The Astonishing Power of Reading
I hated reading as a child. In high school and college (only went to one year of each — but that’s another story), I tap-danced around anything that required reading. And once it was no longer required, I avoided it altogether.
Until I had my first child. The sacred experience of nursing came along with a catch: You had to sit still for around ten to fifteen minutes. My mother, sensing my restlessness, gave me a book to read to pass the time (as though gazing at my perfect child weren’t enough — but yes, after a couple months, the mind tends to wander).
It was not exactly ‘ChickLit.’ Looking back now, I shake my head and smile. My mother gave me a copy of “Battle Cry,” by Leon Uris, about his WWII experience in the 6th Marine regiment. Couldn’t have been further from what I thought might interest me, but because it was so well written I was hooked. It took me months to read it, but I couldn’t put it down.
That’s when and how I started reading for real. I was twenty-two.
Reading is still hard for me, but now I don’t know what I’d do without it. To this day, I have to place anything (a bookmark, a folded piece of paper, whatever) under the line I’m reading so I can stay on track. Which makes it all the more remarkable that I’ve taken up Ray Bradbury’s challenge, the 1000-day MFA (start at 11:04 for the specific instructions).
I haven’t been able to complete the daily reading of an essay, a poem and a short story, but I’m on Day 50 and I’ve been coming pretty close. And last night, I got why we do this at all. I read an essay that demonstrated to me not only the astonishing power of great writing, but also the most compelling reason for reading. I read James Agee’s essay, “Knoxville: Summer of 1915.”
This four and a half pages of text drew me, for an hour, into his gentle childhood with his parents. I got to visit Knoxville of a summer evening, and sit on quilts laid out on the “rough, wet grass of the back yard.” I got to lay there and listen to his parents and his aunt and his uncle talk of nothing as the day slowly shifted into night, and the night became “one blue dew.”
After I finished the essay, it sat around inside me, waiting for me to really get it. I felt compelled to read it again and again, savoring the use of repetition, the lyrical images, the attention to detail. And then I realized why this essay had burrowed so deep into me.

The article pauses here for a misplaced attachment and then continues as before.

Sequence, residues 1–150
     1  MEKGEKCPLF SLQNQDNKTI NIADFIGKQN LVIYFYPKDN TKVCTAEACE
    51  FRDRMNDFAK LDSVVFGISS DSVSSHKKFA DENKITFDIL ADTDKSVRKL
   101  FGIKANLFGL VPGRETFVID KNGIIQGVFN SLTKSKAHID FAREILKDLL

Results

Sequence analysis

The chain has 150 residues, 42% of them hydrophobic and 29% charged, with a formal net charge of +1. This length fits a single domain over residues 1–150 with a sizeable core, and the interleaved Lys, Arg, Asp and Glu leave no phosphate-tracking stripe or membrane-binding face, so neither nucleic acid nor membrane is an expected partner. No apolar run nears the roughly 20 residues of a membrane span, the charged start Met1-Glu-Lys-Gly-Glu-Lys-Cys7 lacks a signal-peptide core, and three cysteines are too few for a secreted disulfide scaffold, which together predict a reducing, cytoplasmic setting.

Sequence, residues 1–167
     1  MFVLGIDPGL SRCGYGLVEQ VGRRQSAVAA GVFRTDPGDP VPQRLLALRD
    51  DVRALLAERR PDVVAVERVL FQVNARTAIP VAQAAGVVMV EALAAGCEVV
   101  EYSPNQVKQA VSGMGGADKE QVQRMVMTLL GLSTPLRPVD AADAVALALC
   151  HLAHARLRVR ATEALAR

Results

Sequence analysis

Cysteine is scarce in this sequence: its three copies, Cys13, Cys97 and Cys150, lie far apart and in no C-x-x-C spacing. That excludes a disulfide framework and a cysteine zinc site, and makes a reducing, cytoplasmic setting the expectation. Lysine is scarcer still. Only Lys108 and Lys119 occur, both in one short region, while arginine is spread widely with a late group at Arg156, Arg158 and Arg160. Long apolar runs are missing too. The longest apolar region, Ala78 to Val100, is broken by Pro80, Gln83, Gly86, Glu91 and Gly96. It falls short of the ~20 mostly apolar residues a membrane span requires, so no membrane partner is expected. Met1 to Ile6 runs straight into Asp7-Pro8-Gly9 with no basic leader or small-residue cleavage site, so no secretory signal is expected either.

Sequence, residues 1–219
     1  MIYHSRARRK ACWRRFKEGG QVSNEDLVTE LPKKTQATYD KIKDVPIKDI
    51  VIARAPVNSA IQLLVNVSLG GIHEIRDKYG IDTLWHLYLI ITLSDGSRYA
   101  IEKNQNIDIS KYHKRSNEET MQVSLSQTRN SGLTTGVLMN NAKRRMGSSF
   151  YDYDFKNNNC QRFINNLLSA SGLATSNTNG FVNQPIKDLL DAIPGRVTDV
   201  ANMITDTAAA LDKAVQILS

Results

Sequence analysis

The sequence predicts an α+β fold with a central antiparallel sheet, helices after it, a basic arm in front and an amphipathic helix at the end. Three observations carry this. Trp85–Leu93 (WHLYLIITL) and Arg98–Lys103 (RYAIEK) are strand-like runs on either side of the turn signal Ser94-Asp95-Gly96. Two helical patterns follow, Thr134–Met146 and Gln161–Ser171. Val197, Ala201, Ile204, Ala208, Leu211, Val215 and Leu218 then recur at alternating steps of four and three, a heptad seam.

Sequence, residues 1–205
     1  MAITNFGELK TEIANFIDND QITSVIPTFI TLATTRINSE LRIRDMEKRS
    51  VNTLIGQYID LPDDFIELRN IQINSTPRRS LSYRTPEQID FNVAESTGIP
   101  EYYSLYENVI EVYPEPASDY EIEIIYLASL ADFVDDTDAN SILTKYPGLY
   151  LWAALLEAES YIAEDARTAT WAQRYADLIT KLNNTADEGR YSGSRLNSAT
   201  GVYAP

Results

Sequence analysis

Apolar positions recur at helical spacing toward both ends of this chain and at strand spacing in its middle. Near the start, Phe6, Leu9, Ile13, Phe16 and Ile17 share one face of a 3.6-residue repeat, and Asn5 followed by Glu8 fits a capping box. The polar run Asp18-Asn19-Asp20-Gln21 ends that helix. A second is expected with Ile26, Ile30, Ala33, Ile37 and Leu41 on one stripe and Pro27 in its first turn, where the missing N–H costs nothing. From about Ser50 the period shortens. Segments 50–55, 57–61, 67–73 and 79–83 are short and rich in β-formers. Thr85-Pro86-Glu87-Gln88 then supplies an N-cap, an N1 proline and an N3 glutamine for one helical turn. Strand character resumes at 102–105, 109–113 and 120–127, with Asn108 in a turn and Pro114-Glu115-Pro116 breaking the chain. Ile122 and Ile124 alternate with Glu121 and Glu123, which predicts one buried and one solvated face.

First, the zen-like noticing of minutiae. You have to open your eyes if you’re going to describe something, and his eyes were the eyes of an old Buddhist monk on a mountaintop. Check out this meditation on a garden hose:
“The nozzles were variously set but usually so there was a long sweet stream of spray, the nozzle wet in the hand, the water trickling the right forearm and the peeled-back cuff, and the water whishing out a long loose and low-curved cone, and so gentle a sound. First an insane noise of violence in the nozzle, then the still irregular sound of adjustment, then the smoothing into steadiness and a pitch as accurately tuned to the size and style of stream as any violin.”
How do you not lose yourself completely in that description? And how do you not simultaneously find yourself in it, remembering your own hand wet on the nozzle, finding exactly the right adjustments for your garden? This magical transaction takes place in the mind when we read writers that resonate with us. In the same moment, our lives become porous across time and space; they invite us into their homes and come over to ours.
Second, we get to experience things we couldn’t even imagine. Yes, yes, the travel, the exotic places, the heroic adventures, but that’s not what I’m talking about. I’m talking about the healing (there’s no other word for it) that took place invisibly, on a small scale, as I read. The strange, shy sense of safety I felt, visiting his neighborhood and his gentle family. A mild, loving father. A loved mother. They became my parents too, in this passage:
“But the men by now, one by one, have silenced their hoses and drained and coiled them. Now only two, and now only one, is left, and you see only ghostlike shirt with the sleeve garters, and sober mystery of his mild face like the lifted face of large cattle enquiring of your presence in a pitchdark pool of meadow;” and a little later, when he and his family were lying on quilts on the grass, “All my people are larger bodies than mine, quiet, with voices gentle and meaningless like the voices of sleeping birds. One is an artist, he is living at home. One is a musician, she is living at home. One is my mother who is good to me. One is my father who is good to me.”
Reading this, I felt warm and safe and held and quiet. An unusual feeling for me. I’m so accustomed to bracing myself for humankind’s ugliest versions of themselves damaging their way through the pages. Childhood sexual abuse, drunk parents, society’s casual cruelties normalized into snarky humor. Reading this essay by James Agee reminded me that goodness, too, can be exalted with language and held up for noticing and honoring. God bless Mr. Agee for writing this piece.
And God bless all the writers who have sat with me on my couch in the TV room with the TV off. Anton Checkov, Barbara Kingsolver, Katherine Anne Porter, Flannery O’Connor, Adrienne Rich, Rachel Carson, Mark Twain, Emerson, Yeats. The list goes on. They’ve all been to my house now, and told me things I’d never heard before. They’ve all held my hand and shown me around while I visited their worlds.
May everyone who’s writing right now, scribbling with a worn down pencil nub on a piece of cardboard, curling the words into the pages of a journal, banging it out on an old timey typewriter, speaking into a recorder, or tapping away on a laptop — may you all realize how much we need you.
And may we continue this magical literary foreign exchange program that enables our world to hold hands with yours.